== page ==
Jane's Addiction | Theater Critic's Choice | Chicago Reader

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Jane's Addiction

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In the pop sweepstakes of 1988, the only kinds of music that can bust open the posteverything blahs in Reagan's Age of Stupefying Mediocrity are street-smart black hip-hop and corn-fed white glamour metal. That's not purebred heavy metal of the Megadeth variety, but the hit-bound, scuzzy schlock-fest that Motorhead joined recently and Metallica stupidly eschews. I'll take good rap over this overworked pap almost any day, but if you deny that Poison, Bon Jovi, Guns and Roses, or even Def Leppard ever gets your motor running, then you'd better check your plugs and points. Jane's Addiction are one of my favorite newcomers merely because they take more chances in their cheap bohemian poses than any of the aforementioned bands, and what's more, they know they're risking their chances at success by doing so (which makes their music not such a pose after all, get it?). Their Warner Bros. debut, Nothing's Shocking, belied its title by setting most of the corporate consumption structure against them, leaving it up to the nowhere-bound underground to find them. They're playing two shows, which should be pre- and post-Thanksgiving feasts of shrieking guitar hooks and wailing vocals, but if you can only go once, make it Friday. Droning metal punks Live Skull are opening, and though their records are the usual forgettable drudgery, they've got a reputation as an amazing live band. Consider them stuffing for the turkey. Wednesday and next Friday, November 25, 7:30 PM, Cabaret Metro, 3730 N. Clark; 549-0203.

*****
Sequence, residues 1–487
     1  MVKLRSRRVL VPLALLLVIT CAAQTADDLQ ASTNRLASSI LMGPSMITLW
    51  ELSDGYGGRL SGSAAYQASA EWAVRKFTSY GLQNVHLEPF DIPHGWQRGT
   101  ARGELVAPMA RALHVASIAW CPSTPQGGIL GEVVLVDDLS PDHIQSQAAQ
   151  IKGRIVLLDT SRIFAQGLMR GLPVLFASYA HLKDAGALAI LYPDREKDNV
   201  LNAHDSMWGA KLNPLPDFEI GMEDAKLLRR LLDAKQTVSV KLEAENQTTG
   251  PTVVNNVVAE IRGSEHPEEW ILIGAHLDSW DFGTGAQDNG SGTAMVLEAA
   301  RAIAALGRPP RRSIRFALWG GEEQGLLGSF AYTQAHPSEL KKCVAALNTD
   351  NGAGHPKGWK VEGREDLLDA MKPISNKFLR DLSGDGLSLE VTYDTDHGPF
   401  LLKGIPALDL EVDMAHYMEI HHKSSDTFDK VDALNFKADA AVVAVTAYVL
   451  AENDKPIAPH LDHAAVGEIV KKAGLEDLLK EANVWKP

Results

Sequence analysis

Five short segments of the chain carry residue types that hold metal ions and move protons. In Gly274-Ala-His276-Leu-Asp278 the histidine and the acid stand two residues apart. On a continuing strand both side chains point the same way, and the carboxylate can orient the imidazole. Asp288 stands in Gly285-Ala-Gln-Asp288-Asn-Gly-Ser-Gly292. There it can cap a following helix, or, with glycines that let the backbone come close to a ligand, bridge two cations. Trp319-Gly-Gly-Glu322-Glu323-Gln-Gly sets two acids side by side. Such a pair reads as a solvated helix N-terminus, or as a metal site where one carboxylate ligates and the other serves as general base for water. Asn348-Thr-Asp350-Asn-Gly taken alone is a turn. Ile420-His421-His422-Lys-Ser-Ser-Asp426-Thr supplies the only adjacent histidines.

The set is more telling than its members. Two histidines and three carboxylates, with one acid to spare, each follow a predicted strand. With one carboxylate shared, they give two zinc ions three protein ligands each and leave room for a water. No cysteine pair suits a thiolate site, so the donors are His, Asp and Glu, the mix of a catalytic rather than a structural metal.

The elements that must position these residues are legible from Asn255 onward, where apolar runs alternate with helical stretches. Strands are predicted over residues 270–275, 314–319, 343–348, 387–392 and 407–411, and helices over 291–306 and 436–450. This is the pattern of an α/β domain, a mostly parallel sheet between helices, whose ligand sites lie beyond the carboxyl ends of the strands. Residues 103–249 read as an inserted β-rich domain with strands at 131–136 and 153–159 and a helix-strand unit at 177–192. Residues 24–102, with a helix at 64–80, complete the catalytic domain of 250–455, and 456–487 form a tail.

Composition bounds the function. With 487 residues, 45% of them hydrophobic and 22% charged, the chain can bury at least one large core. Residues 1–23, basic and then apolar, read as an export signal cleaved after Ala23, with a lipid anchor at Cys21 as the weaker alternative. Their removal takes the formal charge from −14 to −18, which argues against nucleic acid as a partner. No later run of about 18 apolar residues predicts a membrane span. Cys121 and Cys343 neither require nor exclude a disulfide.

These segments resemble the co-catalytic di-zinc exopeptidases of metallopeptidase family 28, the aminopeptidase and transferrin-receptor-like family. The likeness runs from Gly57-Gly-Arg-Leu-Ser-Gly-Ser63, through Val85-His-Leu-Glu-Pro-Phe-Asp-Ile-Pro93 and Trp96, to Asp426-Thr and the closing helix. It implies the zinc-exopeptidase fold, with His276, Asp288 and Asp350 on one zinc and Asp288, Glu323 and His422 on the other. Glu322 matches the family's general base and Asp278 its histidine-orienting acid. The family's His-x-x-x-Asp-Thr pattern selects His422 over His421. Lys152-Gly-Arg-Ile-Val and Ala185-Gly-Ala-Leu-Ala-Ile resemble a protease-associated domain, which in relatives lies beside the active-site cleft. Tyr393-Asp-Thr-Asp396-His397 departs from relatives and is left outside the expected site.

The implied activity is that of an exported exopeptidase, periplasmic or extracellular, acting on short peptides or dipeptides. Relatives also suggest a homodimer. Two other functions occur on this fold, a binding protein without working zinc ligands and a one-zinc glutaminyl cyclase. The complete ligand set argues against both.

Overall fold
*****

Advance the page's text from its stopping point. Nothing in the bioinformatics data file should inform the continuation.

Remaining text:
Art accompanying story in printed newspaper (not available in this archive): photo/Kevin Westenberg.

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